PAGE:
This estimate was further modified under the scenario of enhanced frost and drought tolerance of Miscanthus crops (Hastings et al., 2009a, b). Based on the previous tests of drought and cold tolerance of M. sinensis in Europe and the fact that a much broader range of adaptation exists in this diploid species (Clifton-Brown et al., 2001; Lewandowski et al., 2003), it is considered possible to breed varieties with the similar or better yield but improved frost and drought tolerance than M. ×giganteus. It was then predicted, using a more sophisticated model that incorporated future climatic changes, that the improved Miscanthus energy crop could provide nearly 12% of EU27's primary energy needs by 2050 (Hastings et al., 2009b).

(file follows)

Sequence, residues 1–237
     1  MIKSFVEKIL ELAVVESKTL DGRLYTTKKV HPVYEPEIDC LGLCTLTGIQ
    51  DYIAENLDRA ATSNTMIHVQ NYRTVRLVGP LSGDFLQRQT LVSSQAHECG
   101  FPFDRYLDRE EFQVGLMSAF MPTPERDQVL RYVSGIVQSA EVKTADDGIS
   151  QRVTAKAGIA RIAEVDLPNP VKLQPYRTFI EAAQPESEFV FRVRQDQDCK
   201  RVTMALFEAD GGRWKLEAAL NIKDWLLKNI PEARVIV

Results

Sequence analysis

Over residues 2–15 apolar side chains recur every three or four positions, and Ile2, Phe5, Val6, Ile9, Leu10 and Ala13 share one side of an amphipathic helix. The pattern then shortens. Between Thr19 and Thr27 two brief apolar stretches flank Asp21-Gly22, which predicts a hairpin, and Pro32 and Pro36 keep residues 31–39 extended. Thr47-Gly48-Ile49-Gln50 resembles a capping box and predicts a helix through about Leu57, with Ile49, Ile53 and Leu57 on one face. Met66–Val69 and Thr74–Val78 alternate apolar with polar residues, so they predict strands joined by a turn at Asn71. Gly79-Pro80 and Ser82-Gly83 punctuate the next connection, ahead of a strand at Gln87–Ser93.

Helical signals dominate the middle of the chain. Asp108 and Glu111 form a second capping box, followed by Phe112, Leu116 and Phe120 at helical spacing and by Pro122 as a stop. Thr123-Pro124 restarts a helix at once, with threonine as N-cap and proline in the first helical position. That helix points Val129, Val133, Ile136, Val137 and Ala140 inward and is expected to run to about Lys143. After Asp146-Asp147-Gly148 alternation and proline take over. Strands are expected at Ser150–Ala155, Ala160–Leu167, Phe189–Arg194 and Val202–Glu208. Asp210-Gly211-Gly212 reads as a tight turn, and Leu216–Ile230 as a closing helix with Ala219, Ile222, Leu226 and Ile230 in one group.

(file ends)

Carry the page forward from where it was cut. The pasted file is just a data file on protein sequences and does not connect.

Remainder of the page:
In the United States, M. ×giganteus was studied in three field trials in Illinois and compared side-by-side with switchgrass (Heaton et al., 2008a, 2009). The average production of dry biomass reached 30 ton ha−1, about three times higher than switchgrass. This yield is also higher than that in European trials probably because Miscanthus had higher photosynthetic rates and suffered from little frost loss under the climatic conditions in Illinois. Based on the Illinois trials, it was estimated that 12 Mha, or 9.3% of the US cropland, could produce 133 billion liters or 105 Mt of ethanol that offsets one-fifth of the US gasoline use in 2008. Considering that they were still undomesticated grasses, a 60% of yield improvement was expected from future breeding efforts. With this taken into account, Miscanthus grown on 6.2% of US cropland could produce the same amount of ethanol and displace 30% of US CO2 emission from petroleum use in 2008 (Heaton et al., 2008a).